The Three Sisters Garden

Volunteer hours at the garden are Wednesdays from 4-6 pm and Fridays from 9-11 am  

This article was written by Robert Gourley as a part of a English 2010 service learning course. Thanks Robert for all your help.

During the summer block of 2023, I had the great opportunity to participate in a service learning activity at the UVU GRIT garden. Over the course of the semester, the class and I were able to help prepare the GRIT garden for growth and helped other volunteer students and workers plant seeds. We learned about dirt, vegetables, and planting, and even met a few friends along the way, such as a Pinacate Beetle a.ka, a stink bug!
A couple weeks into our work at the garden, after we cleared up a few rows of pesky weeds and laid down mulch, Austin – a worker over at the UVU GRIT Garden– said he wanted to plant a Three Sisters Garden. Though we learned a lot about gardening, I had no idea what a Three Sisters Garden was, so after a long day of nodding my head and playing along, I went home and researched. Then, I became enlightened.

Long before the Europeans settled in the Americas, the indigenous people of the land, such as the Iroqoius and Cherokee, had already developed efficient food systems, and the Three Sisters was one of them.
According to the USDA, Native American tribes named this vegetable garden combination the Three Sisters because the “corn, bean, and squash... nurture each other like family when planted together.” Corn was not only a great, starchy source of food, but an excellent pole to support the beanstalks, and the bean roots stabilized and helped provide extra nitrogen to the soil surrounding the garden. But where did the squash fit in this garden set up?

A website named Renee’s Garden says that the squash has shallow roots, which act as a living, insulating mulch for the garden’s base. During seasons of hot and dry weather, the squash’s big leaves provided shade to both vulnerable new sprouts and developed stalks in need. And at the end of a growing season, the squash’s extra residue would help build up a natural organic matter in the field, helping enrich the soil when growth was less active, and the ground was recuperating its nutrients.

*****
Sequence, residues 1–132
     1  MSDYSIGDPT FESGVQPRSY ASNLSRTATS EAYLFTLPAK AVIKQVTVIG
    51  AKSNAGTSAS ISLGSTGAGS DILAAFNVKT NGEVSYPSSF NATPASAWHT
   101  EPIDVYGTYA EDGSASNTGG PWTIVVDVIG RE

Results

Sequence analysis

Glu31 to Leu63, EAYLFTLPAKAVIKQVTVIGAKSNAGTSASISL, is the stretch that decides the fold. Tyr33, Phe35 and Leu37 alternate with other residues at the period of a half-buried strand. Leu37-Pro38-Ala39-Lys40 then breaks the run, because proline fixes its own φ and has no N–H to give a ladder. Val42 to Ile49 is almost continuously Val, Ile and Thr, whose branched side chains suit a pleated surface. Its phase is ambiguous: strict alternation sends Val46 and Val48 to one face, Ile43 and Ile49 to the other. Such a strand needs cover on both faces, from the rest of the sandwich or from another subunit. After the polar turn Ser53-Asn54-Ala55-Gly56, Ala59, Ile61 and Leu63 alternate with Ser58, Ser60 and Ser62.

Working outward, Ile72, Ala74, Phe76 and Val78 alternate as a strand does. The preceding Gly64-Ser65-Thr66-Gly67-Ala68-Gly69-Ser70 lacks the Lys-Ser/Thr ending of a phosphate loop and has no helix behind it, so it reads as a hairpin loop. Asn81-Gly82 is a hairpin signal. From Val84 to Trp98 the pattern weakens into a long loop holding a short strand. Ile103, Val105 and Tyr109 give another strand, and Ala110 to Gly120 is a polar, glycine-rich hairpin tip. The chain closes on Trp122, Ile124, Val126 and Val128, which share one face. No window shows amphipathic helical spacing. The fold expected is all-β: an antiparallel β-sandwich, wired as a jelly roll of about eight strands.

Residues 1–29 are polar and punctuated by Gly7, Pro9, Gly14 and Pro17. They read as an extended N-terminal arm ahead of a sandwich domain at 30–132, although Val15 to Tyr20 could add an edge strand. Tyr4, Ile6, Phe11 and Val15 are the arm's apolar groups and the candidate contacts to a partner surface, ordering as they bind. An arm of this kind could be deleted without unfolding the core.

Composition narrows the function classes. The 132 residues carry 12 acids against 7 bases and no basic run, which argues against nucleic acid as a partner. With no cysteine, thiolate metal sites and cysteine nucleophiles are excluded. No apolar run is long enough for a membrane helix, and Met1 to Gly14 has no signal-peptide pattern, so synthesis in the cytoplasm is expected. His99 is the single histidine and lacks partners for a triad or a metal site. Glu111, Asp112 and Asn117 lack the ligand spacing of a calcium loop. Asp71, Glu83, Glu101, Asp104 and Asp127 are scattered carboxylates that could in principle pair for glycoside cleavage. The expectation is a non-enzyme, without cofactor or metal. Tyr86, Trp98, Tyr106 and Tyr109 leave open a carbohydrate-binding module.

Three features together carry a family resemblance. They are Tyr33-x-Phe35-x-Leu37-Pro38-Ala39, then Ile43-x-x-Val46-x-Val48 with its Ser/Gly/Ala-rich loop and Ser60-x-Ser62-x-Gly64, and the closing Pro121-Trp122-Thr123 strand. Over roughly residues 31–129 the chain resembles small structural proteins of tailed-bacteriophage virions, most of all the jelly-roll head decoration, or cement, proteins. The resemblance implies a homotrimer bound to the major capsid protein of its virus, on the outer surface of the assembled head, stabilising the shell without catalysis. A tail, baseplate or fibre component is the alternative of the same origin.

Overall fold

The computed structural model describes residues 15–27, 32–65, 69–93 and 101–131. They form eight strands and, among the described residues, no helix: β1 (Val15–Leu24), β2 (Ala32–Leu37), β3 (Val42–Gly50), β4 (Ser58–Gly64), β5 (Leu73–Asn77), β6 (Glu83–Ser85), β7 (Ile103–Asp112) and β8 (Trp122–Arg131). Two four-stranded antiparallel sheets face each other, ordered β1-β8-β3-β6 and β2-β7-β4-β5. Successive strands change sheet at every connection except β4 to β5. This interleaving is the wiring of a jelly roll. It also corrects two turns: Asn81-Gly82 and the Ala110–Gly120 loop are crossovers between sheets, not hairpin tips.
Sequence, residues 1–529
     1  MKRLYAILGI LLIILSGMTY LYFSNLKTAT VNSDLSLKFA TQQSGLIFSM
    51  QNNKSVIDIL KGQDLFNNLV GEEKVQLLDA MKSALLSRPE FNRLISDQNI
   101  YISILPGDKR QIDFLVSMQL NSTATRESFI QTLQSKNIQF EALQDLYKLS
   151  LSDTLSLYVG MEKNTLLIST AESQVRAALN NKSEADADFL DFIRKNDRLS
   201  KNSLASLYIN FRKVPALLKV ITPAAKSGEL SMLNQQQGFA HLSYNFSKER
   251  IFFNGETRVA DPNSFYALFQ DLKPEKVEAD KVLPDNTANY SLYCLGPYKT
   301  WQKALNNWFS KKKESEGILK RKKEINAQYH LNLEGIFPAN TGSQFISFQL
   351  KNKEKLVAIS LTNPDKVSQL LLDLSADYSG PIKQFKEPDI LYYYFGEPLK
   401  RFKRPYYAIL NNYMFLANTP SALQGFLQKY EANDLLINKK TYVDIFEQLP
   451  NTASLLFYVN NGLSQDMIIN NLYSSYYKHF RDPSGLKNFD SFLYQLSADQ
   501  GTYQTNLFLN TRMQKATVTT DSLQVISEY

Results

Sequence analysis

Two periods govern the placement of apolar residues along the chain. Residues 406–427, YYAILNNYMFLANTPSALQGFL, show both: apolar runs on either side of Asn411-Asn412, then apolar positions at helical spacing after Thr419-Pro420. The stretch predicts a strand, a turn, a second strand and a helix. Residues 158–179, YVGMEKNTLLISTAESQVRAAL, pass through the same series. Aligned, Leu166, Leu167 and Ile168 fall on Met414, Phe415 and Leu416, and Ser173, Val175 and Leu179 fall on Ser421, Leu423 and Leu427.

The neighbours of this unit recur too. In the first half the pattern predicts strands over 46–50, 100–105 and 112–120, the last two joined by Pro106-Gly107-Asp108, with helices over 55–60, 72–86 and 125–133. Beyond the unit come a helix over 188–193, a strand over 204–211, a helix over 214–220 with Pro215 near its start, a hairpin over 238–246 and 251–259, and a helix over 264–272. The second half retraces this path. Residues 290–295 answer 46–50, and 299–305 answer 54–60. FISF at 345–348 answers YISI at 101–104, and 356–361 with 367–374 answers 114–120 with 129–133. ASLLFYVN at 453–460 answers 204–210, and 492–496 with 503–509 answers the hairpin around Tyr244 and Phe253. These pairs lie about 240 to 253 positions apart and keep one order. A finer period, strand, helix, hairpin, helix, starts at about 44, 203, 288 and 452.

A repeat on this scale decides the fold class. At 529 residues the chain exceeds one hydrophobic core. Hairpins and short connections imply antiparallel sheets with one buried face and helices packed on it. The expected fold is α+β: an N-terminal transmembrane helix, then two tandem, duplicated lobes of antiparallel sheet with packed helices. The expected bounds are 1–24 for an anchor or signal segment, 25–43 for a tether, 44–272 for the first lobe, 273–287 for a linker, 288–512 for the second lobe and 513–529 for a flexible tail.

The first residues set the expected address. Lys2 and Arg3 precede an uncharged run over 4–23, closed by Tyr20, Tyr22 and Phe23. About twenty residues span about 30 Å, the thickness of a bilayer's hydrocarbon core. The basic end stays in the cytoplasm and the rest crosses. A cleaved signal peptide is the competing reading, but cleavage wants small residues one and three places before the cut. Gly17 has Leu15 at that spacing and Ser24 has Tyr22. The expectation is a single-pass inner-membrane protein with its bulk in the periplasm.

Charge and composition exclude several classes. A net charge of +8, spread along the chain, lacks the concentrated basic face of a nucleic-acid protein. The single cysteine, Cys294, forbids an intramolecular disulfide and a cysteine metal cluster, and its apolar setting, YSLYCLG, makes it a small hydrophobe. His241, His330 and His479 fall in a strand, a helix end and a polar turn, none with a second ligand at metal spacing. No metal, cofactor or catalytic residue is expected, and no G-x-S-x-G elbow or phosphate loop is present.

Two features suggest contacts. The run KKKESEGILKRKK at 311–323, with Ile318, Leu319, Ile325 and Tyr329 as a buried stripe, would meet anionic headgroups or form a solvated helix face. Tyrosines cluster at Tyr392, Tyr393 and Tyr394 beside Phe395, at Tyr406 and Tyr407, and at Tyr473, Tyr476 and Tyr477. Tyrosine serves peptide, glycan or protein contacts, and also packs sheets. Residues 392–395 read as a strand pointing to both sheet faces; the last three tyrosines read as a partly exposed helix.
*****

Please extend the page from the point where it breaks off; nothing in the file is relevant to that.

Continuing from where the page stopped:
However, the Three Sisters Garden was more than just a good gardening practice. The three vegetables, corn, beans, and squash, each represent important parts of the diet. Corn is a starchy plant that can be made into flour or eaten raw or cooked, and offers healthy carbohydrates. Beans provide the amino acids and proteins a corn-only meal would lack, and squash brings both flavor and a healthy dose of oil and vitamins to the table. Each of these vegetables are versatile in their own right, but when harvested and eaten together, they make a delicious and nutritious meal.

Traditionally, native peoples planted the Three Sisters throughout the hills, allowing them to intermingle and spread, but the space in the GRIT garden was limited. I came in a few days later and found that Austin had planted the vegetables in two rows, three stalks of corn wide with beans spaced evenly throughout the rows and the squash at the ends. This technique saves space and can easily be replicated in small gardens. If you want to grow the Three Sisters at home, here’s how:
1.) Plant one to three corn stalks in the center of the garden. Make sure they are planted during a warm season. Corn does not last long in the frost!
2.) Once the corn stalks have grown 3-4 inches tall, plant beans evenly at the bases of the corn.
3.) One week later, or after the beans have emerged, plant squash on the edge of the garden, around the beans. Make sure the squash leaves do not cover any corn stalks that are less than 5 inches tall.
If you want more guidance, want to meet your experts in the field, or learn more about gardening in general, come by the UVU GRIT garden.